Anyone who has seen the adverts for the show or has tried to research the book it is based on will know the premise: Lucifer and some of his fellow angels rebelled against God and were banished from Heaven, to live on earth: they are the Fallen. These fallen angels mated with mortal women and their offspring were known as the Nephilim, half-angel, half-human creatures. This is where the show starts to deviate from known theology: we then learn, in a voice-over to a montage of paintings with angelic themes, of a prophecy regarding the birth of a special Nephilim, a Chosen One who will redeem the Fallen angels and return them to their heavenly home. The problem lies in a battalion of warrior angels, called the Powers, who have made it their vocation to destroy all the Nephilim they can find.
Once all this is explained to us (at length), we come to the real point of this show, a teenager who feels different and out of place in his life. Unlike normal teen dramas, this feeling has an actual cause - he IS different. Through the events of one tumultuous day, Aaron will find out that he is one of the Nephilim, possibly THE one. Aaron starts to hear animals talking to him, he understands all languages, and the names of the Fallen angels (in angelic script) start to appear on his arm. His eighteenth birthday is much more life-changing than he had ever expected! I particularly enjoyed the little hints we got of Aaron's special nature, even before the big revelation (which is why I would have done without the opening montage, which I felt was particularly exposition heavy). For example, his autistic step-brother Stevie only lets Aaron touch and hold him without warning, and calms down as soon as Aaron talks to him. Aaron is an orphan of unknown parentage, and he even has a dog named Gabriel. The name, Aaron, means, among other things, 'messenger', which is also an ancient definition of the word 'angel'.
However, it isn't all good for Aaron: he starts having nightmares of something chasing him in order to destroy him utterly, and he soon realises that his presence will endanger everyone he loves. Besides, just when his crush, the cute Brazilian girl in his high school, finally likes him back, he has to run before the Powers catch up with him!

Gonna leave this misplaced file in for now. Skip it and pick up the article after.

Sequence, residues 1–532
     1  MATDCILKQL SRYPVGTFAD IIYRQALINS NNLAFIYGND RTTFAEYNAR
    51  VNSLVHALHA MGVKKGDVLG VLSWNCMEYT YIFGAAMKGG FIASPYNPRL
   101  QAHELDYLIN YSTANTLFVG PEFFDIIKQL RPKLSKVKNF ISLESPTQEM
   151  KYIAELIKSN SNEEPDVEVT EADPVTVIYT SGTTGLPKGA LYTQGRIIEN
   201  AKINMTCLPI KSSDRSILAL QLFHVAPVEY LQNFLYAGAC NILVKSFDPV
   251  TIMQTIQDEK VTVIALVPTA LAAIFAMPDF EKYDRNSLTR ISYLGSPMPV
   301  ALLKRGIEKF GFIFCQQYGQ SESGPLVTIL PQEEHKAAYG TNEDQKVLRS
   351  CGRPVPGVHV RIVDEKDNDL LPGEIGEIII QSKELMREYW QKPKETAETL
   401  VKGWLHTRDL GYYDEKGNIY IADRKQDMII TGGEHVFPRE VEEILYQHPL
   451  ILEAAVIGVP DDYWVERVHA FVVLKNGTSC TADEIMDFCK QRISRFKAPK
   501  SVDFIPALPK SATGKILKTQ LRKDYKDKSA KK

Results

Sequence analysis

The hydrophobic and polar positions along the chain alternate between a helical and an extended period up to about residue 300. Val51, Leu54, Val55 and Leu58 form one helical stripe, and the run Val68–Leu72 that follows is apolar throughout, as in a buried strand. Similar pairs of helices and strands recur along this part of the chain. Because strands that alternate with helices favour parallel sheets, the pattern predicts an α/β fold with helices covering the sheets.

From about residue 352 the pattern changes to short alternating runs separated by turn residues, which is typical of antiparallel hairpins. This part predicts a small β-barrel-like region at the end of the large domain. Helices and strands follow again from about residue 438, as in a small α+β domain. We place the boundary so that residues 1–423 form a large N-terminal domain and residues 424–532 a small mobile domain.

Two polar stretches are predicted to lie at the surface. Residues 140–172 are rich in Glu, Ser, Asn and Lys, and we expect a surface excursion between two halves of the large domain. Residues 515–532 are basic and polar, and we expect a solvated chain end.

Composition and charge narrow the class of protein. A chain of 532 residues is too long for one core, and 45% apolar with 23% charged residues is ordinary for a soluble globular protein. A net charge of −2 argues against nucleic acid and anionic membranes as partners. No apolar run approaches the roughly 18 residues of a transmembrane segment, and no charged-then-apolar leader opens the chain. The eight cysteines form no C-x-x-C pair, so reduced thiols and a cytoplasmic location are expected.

As I was reviewing this episode, I tried to be fair and judge it on its own merits, not just by comparing it to the book. I felt that Paul Wesley did a good job in conveying Aaron's confusion and panic when he realises that his dream of a normal and happy life will now probably never come true.
All the characters came across very clearly and I did not feel it dragged in any way (often one of the teething problems of a pilot). I quite enjoyed Elizabeth Lackey's performance as Verchiel, one of the Powers, whose hatred of and loathing for all Nephilim leads to her calling them Abomination. Rick Worthy is, as always, amazing as Camael, another Power, and Fernanda Andrade was in no way annoying as Aaron's object of desire. I would have said I found Tom Skerrit to be over-acting and irritating, but other reviewers reversed my opinion: i.e., they found Lackey annoying and loved Skerrit, so I think this is a matter of taste.
In conclusion, I just (!) wanted to say that I really enjoyed this in every way: I liked the themes, I didn't feel it deviated from the book in any way that was crucial, and the special effects were good enough for a tv show. If you like fantasy and action, you will love this show!